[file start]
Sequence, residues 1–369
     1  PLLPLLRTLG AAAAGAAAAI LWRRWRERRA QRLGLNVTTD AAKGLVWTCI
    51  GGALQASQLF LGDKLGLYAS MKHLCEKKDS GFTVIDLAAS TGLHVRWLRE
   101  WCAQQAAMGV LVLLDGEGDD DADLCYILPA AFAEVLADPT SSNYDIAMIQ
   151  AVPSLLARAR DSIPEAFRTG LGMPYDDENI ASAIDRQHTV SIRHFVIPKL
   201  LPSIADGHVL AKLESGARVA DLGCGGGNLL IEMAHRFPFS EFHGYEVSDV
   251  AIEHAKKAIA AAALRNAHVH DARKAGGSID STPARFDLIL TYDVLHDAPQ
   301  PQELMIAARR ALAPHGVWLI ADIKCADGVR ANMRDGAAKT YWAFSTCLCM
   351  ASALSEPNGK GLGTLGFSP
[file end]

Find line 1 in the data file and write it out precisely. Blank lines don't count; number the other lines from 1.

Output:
Sequence, residues 1–369